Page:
A smiling Willis, his arms raised in victory and surrounded by family, walked out of Caddo Correctional Center shortly after he was driven to Shreveport from Angola State Penitentiary.
"It feels wonderful; wonderful," Willis said. "I waited a long time."
Willis, now 44, said his grandmother who raised him, Neralvil Newton, gave him the strength to survive 22 years at Angola. She was waiting for him at the jail, along with his children.
Willis was convicted in 1982 of breaking into a house in Shreveport and raping one of three young girls who were there alone. He received a mandatory life sentence.
Much of the case against Willis was built on a pair of underwear found at the house. Semen matched Willis' blood type, as did scrapings taken from beneath the victim's fingernails.
Recent DNA tests showed semen on the shorts and the fingernail scrapings do not belong to Willis. Much of the other evidence included statements and identifications from the three girls in the house.
Caddo Assistant District Attorney Hugo Holland said the DNA testing was not conclusive enough to prove who committed the rape.
The victim, now in her early 30's, is married and still lives
Shreveport. She is not commenting publicly on the case. Holland said
she understands the decision.
September 24, 2003
Calvin Willis, who was released from state custody Friday after DNA testing showed he didn't rape a 10-year-old girl, said he's thankful for his freedom but needs money to survive in society.
"I think I should be compensated," Willis said during a press conference at the Innocence Project New Orleans.
DNA expert Barry Scheck, co-director of the Innocence Project at the Cardozo Law School in New York and a member of the legal dream team that successfully defended football legend O.J. Simpson against murder charges, agreed.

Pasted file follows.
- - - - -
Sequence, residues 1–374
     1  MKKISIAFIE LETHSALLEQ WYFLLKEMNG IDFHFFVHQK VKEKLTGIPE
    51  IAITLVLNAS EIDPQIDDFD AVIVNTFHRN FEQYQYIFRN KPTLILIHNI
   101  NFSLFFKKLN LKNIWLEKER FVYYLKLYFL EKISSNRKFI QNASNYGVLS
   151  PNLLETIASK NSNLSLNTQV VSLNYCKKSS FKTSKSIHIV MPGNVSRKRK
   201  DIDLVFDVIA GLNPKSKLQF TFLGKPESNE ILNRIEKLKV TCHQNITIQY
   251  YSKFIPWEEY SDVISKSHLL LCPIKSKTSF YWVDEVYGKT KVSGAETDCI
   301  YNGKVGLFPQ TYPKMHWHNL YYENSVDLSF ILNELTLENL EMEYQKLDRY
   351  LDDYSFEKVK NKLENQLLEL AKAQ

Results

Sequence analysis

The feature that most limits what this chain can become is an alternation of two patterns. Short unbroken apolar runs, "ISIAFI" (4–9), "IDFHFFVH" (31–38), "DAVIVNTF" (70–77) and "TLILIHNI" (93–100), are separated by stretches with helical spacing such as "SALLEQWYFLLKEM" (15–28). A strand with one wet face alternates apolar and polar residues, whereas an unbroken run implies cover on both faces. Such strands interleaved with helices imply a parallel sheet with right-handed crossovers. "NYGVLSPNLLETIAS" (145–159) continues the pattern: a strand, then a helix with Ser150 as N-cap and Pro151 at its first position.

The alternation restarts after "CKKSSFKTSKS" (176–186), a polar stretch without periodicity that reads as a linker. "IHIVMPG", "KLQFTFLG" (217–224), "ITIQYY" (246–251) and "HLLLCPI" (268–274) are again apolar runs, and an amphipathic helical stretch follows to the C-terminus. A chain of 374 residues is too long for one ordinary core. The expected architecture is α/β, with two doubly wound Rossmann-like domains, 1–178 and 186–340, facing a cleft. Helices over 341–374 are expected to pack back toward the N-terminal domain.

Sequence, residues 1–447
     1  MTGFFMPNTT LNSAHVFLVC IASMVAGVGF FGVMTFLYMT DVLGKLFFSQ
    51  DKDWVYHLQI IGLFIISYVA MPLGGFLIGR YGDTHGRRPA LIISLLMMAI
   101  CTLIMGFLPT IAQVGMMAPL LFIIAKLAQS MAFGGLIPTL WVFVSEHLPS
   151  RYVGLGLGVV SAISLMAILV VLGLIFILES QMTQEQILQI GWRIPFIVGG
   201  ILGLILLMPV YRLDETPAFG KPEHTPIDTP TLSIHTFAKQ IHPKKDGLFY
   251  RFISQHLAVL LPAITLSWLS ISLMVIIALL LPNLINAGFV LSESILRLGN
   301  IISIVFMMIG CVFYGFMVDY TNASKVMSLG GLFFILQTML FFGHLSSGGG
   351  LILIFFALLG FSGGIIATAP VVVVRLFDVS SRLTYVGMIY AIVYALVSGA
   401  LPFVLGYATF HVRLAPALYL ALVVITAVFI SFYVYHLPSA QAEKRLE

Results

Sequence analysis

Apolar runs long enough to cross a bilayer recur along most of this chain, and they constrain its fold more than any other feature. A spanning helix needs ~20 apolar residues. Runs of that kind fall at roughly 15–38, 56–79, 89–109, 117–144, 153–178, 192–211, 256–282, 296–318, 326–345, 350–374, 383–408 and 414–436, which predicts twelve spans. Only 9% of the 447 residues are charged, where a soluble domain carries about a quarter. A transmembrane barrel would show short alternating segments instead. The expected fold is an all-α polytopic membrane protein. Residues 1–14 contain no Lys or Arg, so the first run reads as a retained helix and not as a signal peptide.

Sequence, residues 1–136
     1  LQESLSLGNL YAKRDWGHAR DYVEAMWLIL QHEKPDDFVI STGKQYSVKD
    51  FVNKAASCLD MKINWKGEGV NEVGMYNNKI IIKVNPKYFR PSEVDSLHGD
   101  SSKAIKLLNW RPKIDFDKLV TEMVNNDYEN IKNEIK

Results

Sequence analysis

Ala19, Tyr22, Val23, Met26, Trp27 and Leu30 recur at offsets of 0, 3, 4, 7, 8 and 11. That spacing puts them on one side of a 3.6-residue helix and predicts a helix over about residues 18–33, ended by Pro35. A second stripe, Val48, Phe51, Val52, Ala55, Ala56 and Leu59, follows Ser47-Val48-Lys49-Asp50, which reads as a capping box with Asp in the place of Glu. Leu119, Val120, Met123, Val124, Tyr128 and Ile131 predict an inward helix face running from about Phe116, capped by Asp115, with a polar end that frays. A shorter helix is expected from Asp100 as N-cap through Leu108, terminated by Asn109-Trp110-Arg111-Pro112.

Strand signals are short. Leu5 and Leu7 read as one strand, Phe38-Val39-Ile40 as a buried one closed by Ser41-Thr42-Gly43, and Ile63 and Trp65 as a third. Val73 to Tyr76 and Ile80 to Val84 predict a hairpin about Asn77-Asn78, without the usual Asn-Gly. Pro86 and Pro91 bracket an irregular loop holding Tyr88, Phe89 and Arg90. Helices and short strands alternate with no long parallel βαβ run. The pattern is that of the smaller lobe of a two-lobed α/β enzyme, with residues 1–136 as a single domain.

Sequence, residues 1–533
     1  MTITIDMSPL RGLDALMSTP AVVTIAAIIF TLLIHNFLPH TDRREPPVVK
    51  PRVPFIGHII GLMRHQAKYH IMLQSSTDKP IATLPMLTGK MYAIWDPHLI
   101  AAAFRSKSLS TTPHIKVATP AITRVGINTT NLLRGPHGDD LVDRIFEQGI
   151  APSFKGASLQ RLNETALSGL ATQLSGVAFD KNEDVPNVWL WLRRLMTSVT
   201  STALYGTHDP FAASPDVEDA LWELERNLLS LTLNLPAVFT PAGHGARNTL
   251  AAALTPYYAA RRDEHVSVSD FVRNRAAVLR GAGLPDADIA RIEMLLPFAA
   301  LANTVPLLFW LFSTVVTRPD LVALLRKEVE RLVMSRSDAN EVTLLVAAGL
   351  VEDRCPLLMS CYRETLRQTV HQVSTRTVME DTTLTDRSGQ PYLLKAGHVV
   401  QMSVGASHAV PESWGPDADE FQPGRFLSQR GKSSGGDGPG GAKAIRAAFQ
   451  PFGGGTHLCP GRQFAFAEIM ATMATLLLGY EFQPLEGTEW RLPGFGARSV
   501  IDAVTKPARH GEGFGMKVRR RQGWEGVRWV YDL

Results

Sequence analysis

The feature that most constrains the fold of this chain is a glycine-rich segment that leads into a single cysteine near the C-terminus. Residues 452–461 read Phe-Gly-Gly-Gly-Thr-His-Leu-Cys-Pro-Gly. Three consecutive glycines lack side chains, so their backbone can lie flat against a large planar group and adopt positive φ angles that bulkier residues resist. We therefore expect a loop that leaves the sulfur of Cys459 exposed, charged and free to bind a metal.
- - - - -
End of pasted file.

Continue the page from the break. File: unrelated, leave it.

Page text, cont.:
"It's only right. Do the right thing," said Scheck, who sat beside Willis at the press conference.
Scheck said at least 17 states and the District of Columbia have wrongful-conviction compensation laws.
"Louisiana has nothing," he said, adding that Willis' case marks the 138th DNA exoneration in this country.
Scheck said previous attempts to pass wrongful-conviction compensation legislation in Louisiana have failed.
"It really isn't a lot of money, and it's not a lot of people," he said. "It's hardly going to break the bank. This is not any kind of huge windfall. It is a group of people that command attention. We're talking about innocent people wrongly convicted. If we can't pay that debt, what kind of society is it?"
The Innocent Project New Orleans said it has identified 20 wrongly convicted people in Louisiana exonerated since 1990, some because of DNA testing.
"I don't know how many more we have to get out in Louisiana before people start paying attention to this," Scheck said.
Gene Bibbins was convicted in 1987 of raping a 14-year-old girl in an East Baton Rouge Parish housing development and spent 161/2 years in prison before DNA testing determined him to be innocent. He was released from the state penitentiary at Angola in December.
"My cry is I need help," Bibbins, who lives and works in Baton Rouge but said he struggles financially, said at the press conference. "Here in Louisiana we do not have compensation. I hope and pray a bill will be passed for people like us."
Gregory Bright and Earl Truvia were exonerated and released from Angola in June after spending 27 years in prison for a 1976 second-degree murder conviction in New Orleans.
Truvia, who lives in New Orleans, said he was released from prison "barefeet." Bright, who lives in McComb, Miss., said he walked out of prison with a $10 check from the state.
"It is a tremendous struggle," he said. "I'm at a loss … wondering what's next."
Scheck said Willis, Bright and Truvia are no different from other exonerated inmates.
"They're thrown out into a world that they barely understand, and they face terrible obstacles," he said.
Dr. Laurie Lola Vollen, a California physician, created the Life After Exoneration Program this year in partnership with the Innocence Project to address the needs of exonerated prisoners.
Vollen, who also attended the press conference, said there are more than 300 exonerated inmates nationwide struggling to find jobs or job training, medical and dental care, housing and transportation.
"That is the hole most exonerees are dropped into," she said. "It doesn't have to be this way."
||Truth in Justice